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Telemedical Diagnosis of Retinopathy of Prematurity: Accuracy of Expert vs. Non-expert Graders
  1. Steven L Williams1,
  2. Lu Wang1,
  3. Steven A Kane1,
  4. Thomas C Lee2,
  5. David J Weissgold3,
  6. Audina M Berrocal4,
  7. Daniel Rabinowitz5,
  8. Justin Starren6,
  9. John T Flynn1,
  10. Michael F Chiang1,*
  1. 1 Columbia University College of Physicians and Surgeons, United States;
  2. 2 Childrens Hospital Los Angeles, United States;
  3. 3 Retina Center of Vermont, United States;
  4. 4 Bascom Palmer Eye Institute, United States;
  5. 5 Columbia University, United States;
  6. 6 Marshfield Clinic, United States
  1. Correspondence to: Michael F. Chiang, Columbia University College of Physicians and Surgeons, 635 West 165th Street, Box 92, Columbia University Medical Center, New York, 10032, United States; chiang{at}dbmi.columbia.edu

Abstract

Background/Aims: To assess accuracy of telemedical retinopathy of prematurity (ROP) diagnosis by trained non-expert graders compared to expert graders.

Methods: 248 eye examinations from 67 consecutive infants were captured using wide-angle retinal photography (RetCam-II, Clarity Medical Systems, Pleasanton, CA). Non-expert graders attended two hour-long training sessions on image-based ROP diagnosis. Using a web-based telemedicine system, 14 non-expert and 3 expert graders provided a diagnosis for each eye: no ROP, mild ROP, type-2 prethreshold ROP, or treatment-requiring ROP. All diagnoses were compared to a reference standard of dilated indirect ophthalmoscopy by an experienced pediatric ophthalmologist.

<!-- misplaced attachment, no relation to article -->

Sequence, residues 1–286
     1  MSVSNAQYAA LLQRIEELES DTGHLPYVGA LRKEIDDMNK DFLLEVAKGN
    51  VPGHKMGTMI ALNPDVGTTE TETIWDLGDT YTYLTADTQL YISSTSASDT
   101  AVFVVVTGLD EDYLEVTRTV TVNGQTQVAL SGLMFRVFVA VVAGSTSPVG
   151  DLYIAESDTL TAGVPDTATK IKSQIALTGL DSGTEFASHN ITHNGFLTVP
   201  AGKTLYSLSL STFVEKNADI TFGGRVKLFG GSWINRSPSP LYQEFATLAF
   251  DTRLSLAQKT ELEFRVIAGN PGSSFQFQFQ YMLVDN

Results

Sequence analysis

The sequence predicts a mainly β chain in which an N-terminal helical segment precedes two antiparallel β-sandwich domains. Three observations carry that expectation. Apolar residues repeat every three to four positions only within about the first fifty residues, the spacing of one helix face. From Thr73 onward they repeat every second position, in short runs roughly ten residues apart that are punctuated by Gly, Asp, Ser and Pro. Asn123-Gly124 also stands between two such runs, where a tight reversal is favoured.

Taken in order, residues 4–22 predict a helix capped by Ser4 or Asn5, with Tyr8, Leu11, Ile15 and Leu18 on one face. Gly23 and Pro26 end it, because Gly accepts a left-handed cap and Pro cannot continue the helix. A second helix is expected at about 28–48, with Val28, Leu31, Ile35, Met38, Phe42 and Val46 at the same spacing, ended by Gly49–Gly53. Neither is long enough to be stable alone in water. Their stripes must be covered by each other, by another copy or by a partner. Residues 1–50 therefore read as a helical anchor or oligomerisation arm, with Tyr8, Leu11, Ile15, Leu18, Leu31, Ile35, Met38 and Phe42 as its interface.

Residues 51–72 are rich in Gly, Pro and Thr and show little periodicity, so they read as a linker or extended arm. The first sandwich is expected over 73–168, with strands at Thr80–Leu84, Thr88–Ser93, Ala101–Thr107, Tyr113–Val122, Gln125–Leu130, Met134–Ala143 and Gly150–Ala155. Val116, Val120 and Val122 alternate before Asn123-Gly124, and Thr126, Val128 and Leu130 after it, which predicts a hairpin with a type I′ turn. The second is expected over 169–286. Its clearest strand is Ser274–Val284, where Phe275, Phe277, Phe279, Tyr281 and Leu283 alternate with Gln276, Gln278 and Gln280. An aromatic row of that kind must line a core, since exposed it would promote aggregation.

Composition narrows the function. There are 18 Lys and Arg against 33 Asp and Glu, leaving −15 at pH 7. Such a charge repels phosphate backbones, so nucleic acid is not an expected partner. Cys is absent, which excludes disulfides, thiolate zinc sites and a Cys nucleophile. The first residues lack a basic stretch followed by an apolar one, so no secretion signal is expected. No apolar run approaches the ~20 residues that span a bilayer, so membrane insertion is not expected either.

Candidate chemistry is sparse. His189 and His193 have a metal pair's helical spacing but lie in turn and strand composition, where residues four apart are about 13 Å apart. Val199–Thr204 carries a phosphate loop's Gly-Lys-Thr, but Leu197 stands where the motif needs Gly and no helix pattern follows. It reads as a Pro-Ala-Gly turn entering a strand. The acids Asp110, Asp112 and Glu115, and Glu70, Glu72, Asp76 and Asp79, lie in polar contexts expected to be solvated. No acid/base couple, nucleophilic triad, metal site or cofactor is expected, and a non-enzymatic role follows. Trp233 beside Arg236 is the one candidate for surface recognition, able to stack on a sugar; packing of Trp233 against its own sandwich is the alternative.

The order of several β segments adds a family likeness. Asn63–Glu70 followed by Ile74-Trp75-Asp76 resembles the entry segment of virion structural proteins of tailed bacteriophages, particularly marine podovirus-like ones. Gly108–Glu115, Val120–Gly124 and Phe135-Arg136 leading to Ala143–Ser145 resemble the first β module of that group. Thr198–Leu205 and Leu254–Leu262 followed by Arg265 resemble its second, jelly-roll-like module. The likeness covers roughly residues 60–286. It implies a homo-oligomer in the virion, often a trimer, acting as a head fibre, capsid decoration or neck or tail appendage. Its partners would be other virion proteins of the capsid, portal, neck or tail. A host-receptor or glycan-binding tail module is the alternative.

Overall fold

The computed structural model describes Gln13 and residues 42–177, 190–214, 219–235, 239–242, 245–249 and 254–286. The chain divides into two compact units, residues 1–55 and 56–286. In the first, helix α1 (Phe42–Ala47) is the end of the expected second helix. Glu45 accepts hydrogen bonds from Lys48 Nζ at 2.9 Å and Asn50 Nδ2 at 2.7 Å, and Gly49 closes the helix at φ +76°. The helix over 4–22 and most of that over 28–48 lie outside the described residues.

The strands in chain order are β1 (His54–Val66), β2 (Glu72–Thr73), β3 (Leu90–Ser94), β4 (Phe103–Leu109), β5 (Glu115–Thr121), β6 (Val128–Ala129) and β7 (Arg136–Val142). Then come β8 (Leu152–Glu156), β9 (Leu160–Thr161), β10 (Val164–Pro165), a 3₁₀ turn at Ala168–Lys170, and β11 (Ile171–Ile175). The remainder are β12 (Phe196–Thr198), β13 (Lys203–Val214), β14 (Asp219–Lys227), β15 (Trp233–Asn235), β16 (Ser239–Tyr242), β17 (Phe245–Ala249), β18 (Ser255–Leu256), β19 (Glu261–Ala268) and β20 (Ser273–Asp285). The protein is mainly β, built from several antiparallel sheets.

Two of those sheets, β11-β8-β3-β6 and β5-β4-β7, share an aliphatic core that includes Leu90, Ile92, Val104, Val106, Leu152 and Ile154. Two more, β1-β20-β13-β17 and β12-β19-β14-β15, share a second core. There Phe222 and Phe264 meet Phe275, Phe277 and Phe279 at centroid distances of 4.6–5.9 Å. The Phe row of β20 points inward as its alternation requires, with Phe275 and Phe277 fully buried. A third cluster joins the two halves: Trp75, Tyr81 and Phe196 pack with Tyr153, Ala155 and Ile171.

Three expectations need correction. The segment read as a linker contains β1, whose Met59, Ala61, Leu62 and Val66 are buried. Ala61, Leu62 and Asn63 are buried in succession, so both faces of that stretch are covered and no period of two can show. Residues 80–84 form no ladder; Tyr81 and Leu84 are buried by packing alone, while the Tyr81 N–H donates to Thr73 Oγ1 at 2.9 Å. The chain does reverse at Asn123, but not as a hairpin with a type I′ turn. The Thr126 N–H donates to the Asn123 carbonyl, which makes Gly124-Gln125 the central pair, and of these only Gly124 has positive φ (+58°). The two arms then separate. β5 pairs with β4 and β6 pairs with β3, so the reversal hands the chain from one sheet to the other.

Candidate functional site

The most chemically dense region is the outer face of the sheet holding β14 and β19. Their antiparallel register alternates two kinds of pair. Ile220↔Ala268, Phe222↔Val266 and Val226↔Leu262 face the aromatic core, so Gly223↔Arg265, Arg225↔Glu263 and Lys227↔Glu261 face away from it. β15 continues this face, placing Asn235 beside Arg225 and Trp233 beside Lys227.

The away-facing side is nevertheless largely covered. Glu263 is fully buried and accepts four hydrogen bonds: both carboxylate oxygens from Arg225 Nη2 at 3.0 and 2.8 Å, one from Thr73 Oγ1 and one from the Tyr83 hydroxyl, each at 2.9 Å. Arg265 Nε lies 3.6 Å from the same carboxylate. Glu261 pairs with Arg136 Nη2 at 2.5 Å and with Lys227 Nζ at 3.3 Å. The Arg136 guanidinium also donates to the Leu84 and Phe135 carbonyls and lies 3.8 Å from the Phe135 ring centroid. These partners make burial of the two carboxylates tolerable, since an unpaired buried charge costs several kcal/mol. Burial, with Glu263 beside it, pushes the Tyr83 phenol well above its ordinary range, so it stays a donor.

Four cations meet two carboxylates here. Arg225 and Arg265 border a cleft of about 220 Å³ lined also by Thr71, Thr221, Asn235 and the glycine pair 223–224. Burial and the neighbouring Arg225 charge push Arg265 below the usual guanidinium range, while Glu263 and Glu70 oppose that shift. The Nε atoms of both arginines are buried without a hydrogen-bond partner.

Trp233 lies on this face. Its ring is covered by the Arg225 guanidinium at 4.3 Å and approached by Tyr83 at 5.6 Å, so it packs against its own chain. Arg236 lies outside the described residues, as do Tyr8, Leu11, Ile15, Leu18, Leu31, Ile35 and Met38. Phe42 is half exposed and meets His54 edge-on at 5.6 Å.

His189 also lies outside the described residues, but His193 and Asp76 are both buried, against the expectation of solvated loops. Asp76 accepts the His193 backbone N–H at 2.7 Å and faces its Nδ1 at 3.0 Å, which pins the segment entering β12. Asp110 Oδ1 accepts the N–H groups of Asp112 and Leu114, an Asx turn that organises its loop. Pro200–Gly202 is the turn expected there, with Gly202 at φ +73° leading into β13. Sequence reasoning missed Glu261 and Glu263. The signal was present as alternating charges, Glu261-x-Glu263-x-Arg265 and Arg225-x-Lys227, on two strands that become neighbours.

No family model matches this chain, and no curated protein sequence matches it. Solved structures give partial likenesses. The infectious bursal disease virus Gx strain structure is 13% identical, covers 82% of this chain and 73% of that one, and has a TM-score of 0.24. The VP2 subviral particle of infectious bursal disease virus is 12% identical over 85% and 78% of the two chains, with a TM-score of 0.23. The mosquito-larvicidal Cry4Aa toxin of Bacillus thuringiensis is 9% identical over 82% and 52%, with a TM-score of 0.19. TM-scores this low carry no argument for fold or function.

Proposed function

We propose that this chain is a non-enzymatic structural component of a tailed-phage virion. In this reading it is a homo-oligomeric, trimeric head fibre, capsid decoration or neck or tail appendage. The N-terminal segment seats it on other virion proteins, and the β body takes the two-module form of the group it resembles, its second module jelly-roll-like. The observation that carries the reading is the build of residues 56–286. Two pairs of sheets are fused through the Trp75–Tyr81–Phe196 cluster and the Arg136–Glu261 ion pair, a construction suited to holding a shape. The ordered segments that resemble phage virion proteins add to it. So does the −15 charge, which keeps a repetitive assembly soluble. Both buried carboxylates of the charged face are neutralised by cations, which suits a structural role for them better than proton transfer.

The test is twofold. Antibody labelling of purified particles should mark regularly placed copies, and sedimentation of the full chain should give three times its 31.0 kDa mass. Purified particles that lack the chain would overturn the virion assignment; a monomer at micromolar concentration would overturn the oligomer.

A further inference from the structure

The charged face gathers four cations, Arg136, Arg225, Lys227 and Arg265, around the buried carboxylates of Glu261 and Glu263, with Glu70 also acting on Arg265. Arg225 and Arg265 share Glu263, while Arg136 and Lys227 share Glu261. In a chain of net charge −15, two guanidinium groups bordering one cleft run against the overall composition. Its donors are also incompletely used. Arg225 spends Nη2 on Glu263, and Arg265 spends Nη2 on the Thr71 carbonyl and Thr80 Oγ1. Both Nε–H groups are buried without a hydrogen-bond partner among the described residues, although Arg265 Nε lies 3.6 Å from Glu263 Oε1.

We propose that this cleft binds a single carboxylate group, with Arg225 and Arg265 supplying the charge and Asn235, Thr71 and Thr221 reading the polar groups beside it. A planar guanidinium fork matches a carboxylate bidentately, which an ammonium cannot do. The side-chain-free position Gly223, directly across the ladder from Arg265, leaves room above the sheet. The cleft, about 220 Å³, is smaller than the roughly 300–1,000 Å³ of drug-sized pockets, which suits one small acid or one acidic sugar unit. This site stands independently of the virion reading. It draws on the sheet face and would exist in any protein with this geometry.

Results: For detection of type-2 or worse ROP, the mean (range) sensitivities and specificities were 0.95 (0.94-0.97) and 0.93 (0.91-0.96) for experts, 0.87 (0.71-0.97) and 0.73 (0.39-0.95) for resident non-experts, and 0.73 (0.41-0.88) and 0.91 (0.84-0.96) for student non-experts. For detection of treatment-requiring ROP, the mean (range) sensitivities and specificities were 1.00 (1.00-1.00) and 0.93 (0.88-0.96) for experts, 0.88 (0.50-1.00) and 0.84 (0.71-0.98) for resident non-experts, and 0.82 (0.42-1.00) and 0.92 (0.83-0.97) for student non-experts.

Conclusions: Mean sensitivity and specificity of trained non-experts are lower than that of experts, although several non-experts had high accuracy. Development of methods for training non-expert graders may help support telemedical ROP evaluation.

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